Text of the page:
“It was a miracle I was not thrown into the Seine,” Algerian Hocine Hakem recalled about an infamous but little-known massacre in the French capital 60 years ago.
Around 30,000 Algerians had taken to the streets of Paris in a peaceful protest against a curfew, and calling for independence nearly seven years into the war against French rule in North Africa, which had occasionally spilled onto the streets of the French capital.
On 17 October 1961, the police killed at least 100 protesters, some of whom were thrown into the River Seine, making it one of the darkest pages of France’s chequered colonial history.
Mr Hakem was 18 at the time and was telling his story to the L’Humanité newspaper decades after the event, which was little reported at the time. He was among about 14,000 Algerians arrested during the operation.
The government of the day censored the news, destroyed many of the archives and prevented journalists from investigating the story. Contemporary news bulletins reported three deaths, which included a French national. It was not covered in the international press.
Brigitte Laîné, who was a curator at the Parisian archives, said in 1999 that some official documents survived revealing the extent of the killings. “There were a lot of bodies. Some with the skulls crushed, others with shotguns wounds,” she said.
One photo captured the chilling sentiments of the time, showing graffiti scrawled along a section of the Seine’s embankment saying: “Here we drown Algerians.”
This is the title of French historian Fabrice Riceputi’s new book which details how one man – researcher Jean-Luc Einaudi – tirelessly sought to gather eyewitness testimony, publishing his account 30 years after the police massacre.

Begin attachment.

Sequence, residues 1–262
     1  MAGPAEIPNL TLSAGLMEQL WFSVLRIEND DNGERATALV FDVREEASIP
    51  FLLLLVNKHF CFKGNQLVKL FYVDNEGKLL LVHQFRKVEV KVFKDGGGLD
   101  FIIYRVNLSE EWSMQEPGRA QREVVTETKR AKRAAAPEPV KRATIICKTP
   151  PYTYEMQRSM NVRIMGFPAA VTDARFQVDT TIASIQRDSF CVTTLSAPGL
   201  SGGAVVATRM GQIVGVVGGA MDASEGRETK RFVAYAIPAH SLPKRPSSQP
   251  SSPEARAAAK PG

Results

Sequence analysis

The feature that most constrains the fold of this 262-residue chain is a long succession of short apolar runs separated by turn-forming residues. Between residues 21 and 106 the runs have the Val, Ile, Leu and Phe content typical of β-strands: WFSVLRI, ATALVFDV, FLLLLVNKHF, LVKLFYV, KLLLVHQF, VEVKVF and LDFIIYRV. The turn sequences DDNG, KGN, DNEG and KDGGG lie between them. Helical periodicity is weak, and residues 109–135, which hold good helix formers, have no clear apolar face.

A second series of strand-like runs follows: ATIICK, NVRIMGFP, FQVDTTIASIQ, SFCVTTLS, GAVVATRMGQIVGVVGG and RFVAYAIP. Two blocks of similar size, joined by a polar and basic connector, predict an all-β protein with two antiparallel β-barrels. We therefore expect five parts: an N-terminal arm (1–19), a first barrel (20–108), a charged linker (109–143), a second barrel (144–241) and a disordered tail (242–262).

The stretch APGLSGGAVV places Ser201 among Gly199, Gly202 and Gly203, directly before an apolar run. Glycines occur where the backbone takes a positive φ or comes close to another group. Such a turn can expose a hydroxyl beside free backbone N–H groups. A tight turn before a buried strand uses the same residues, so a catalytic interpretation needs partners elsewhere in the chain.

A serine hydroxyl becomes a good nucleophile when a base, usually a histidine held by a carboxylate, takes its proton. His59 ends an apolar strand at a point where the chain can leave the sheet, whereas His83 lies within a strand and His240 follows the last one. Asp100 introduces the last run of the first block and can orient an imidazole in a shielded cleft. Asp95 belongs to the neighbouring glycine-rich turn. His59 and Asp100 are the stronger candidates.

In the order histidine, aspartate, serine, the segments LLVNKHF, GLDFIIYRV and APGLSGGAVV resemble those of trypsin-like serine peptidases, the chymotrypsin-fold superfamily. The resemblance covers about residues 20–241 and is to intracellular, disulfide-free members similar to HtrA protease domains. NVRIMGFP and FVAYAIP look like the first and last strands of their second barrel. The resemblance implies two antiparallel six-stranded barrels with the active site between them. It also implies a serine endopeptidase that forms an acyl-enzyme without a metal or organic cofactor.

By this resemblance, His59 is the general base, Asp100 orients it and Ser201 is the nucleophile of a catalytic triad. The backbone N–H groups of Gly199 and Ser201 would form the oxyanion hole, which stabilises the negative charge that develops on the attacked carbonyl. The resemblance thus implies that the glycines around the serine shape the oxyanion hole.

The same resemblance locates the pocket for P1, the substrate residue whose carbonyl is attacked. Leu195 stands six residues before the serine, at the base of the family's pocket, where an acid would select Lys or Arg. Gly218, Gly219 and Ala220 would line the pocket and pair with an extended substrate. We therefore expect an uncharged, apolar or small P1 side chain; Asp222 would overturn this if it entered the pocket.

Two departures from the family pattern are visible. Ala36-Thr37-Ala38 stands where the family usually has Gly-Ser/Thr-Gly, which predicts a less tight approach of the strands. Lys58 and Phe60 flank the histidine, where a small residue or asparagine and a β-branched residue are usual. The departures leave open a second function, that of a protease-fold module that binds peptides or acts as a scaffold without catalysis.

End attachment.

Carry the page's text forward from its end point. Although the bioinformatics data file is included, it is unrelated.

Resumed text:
The precise number of those killed has never been confirmed but some historians believe that between 200 and 300 Algerians died that day.
Historians say that a total of 110 bodies washed up on the banks of the River Seine over the following days and weeks. Some were killed then dumped, while others were injured, thrown into the cold waters and left to drown.
The youngest victim was Fatima Beda. She was 15 and her body was found on 31 October in a canal near the Seine.
One of the earliest descriptions of the event was published in 1963 by African-American writer William Gardner Smith in his novel Stone Face – though it is a fictionalised account, which has never been translated into French.
It shows the stark anti-Arab racism of the day.
Mr Riceputi believes the French state is still refusing to face up to this heritage.
As the 60th anniversary of the killing approached, the often testy relations between France and Algeria – which had been undergoing a slow rapprochement – have once more hit the buffers.
The spat began last month when France slashed the number of visas granted to Algerians, accusing its former colony of failing to take back those denied visas.
But it was an audience President Emmanuel Macron held with young descendants of those who had fought in the Algerian War that has prompted the most anger.
He questioned whether the Algerian nation would exist if it hadn’t been for French colonisers.
It may have been meant in the spirit of debate but it has provoked a backlash from Algerians who see it as symptomatic of France’s insensitivity and the cover-up of colonial crimes.
When it comes to the Paris massacre, the state has done very little.